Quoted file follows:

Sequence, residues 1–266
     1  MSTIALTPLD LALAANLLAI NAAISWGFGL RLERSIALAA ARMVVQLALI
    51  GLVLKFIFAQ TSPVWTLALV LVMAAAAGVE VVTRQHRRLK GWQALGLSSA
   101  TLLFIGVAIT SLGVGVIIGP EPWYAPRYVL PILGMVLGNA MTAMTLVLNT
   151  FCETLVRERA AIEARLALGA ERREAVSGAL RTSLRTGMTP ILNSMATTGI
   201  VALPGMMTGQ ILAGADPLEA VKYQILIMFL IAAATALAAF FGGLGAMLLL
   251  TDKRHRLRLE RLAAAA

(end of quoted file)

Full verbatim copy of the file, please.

Sequence, residues 1–266
     1  MSTIALTPLD LALAANLLAI NAAISWGFGL RLERSIALAA ARMVVQLALI
    51  GLVLKFIFAQ TSPVWTLALV LVMAAAAGVE VVTRQHRRLK GWQALGLSSA
   101  TLLFIGVAIT SLGVGVIIGP EPWYAPRYVL PILGMVLGNA MTAMTLVLNT
   151  FCETLVRERA AIEARLALGA ERREAVSGAL RTSLRTGMTP ILNSMATTGI
   201  VALPGMMTGQ ILAGADPLEA VKYQILIMFL IAAATALAAF FGGLGAMLLL
   251  TDKRHRLRLE RLAAAA